PCPlus 300: 10 mistakes every programmer makes

The call went out: November 2010 was going to be the 300th issue of PC Plus. Our articles had to be better than ever before and preferably some kind of top N list to go along with the issue’s theme (the lead article for example was 300 Advanced PC Tips).

PCPlus logoSo, my top 10 algorithms? Data structures? A possibility, but I wouldn’t have much room to say anything in depth about each (“Number 4: Quicksort. It’s very fast at sorting but a bit complicated to get right. Number 5: Red-black trees. A very fast search structure but nearly impossible to get right.”). After some thought I finally decided on listing my top 10 programming mistakes. I’d been doing a series of “Messages from the CTO” for the DevExpress newsletter and some of these top 10 items came up during my writing those for work. Hey, I’m all for recycling!

As it happened, this particular article turned out to be the most popular I’d ever written for PC Plus. It got published online by techradar.com, with more comments than I ‘d seen before for one of my articles posted there. I got mail about it. I seem to remember it got picked up by the Code Project newsletter as well. All in all, quite a good one.

This article first appeared in issue 300, November 2010.

You can read the PDF here.

(I write a monthly column for PCPlus, a computer news-views-n-reviews magazine in the UK (actually there are 13 issues a year — there's an Xmas issue as well — so it's a bit more than monthly). The column is called Theory Workshop and appears in the Make It section of the magazine. When I signed up, my editor and the magazine were gracious enough to allow me to reprint the articles here after say a year or so.)

Album cover for Let's Stick TogetherNow playing:
Ferry, Bryan - Re-Make/Re-Model
(from Let's Stick Together)

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4 Responses

#1 Michael Ridland said...
21-Dec-11 6:07 PM

That's a pretty good article, mostly I agree.

Except, not making estimates is not a mistake! Estimates are stupid because they’re never accurate and decisions should be made at the point when you have the most information about a problem (last minute), basically estimates are a waste of time that give a false perception of control.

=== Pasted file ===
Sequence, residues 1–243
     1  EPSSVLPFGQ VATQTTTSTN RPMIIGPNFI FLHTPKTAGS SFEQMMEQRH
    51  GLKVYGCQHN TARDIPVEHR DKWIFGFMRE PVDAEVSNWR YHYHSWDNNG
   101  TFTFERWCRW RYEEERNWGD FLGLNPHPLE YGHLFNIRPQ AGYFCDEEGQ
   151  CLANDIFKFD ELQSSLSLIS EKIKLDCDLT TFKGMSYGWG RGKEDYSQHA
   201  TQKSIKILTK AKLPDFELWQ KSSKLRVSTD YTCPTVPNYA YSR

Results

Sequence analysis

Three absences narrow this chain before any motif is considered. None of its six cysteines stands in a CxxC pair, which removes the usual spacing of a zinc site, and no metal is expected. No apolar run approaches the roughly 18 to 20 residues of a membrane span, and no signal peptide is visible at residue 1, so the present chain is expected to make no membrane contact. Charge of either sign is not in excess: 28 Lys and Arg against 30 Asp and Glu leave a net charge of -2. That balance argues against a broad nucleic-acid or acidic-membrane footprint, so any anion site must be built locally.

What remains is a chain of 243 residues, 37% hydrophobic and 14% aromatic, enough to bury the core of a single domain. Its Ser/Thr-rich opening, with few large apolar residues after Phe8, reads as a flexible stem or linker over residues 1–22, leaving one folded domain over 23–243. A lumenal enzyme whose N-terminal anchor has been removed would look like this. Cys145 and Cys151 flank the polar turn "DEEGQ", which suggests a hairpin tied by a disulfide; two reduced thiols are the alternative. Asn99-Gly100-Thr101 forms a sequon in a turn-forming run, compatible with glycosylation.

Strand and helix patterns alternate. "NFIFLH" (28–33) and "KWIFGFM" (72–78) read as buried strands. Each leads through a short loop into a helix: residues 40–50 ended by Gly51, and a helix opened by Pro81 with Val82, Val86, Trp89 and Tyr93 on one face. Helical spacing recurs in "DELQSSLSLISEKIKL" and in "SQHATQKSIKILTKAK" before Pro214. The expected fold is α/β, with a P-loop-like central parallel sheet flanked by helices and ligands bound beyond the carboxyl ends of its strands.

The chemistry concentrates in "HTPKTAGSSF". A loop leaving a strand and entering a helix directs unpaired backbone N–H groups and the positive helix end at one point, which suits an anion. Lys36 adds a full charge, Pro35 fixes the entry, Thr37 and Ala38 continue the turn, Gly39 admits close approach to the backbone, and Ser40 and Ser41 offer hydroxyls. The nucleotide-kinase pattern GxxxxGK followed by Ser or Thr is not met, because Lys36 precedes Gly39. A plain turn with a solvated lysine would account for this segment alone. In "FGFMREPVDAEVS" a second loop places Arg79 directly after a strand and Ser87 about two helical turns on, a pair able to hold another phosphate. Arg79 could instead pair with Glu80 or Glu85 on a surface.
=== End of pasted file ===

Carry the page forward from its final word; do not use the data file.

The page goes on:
Anyway the argument in ‘not making estimates’ is not talking about scheduling estimates it actually talks about scalability, using twitter scalability problems as an example therefore it’s kinda conflicting with premature optimisation. But if we are talking about Scalability, then scalability of twitter should have never been an issue because developers should always code in a style that can handle most scalability problems. Whenever I write a application in asp.net it's automatically developed for scalability, it's inherit in my development style I assume other good developers would be the same.


julian m bucknall avatar
#2 julian m bucknall said...
03-Jan-12 12:03 PM

Michael: I suppose part of the reason for writing this "top ten" list is to make people think about what their mistakes might have been. Your point is valid, of course, but there's only so much I could have written in two thousand words for publication.

Cheers, Julian

#3 Bryan Slatner said...
18-Aug-12 10:01 AM

When you wrote the simile "slower than a Greenland glacier in January", did you actually research glacial velocities or did you just figure they move pretty slow about then? :) I think this requires a fact-finding expedition.

julian m bucknall avatar
#4 julian m bucknall said...
18-Aug-12 12:00 PM

Bryan: I must admit to a certain level of assumption in that Greenland is in the Northern Hemisphere and January is in the midst of winter, ergo glaciers would be slower than in say July. But maybe that's false! Ergo, a fact-finding trip to Nuuk is in order...

Cheers, Julian

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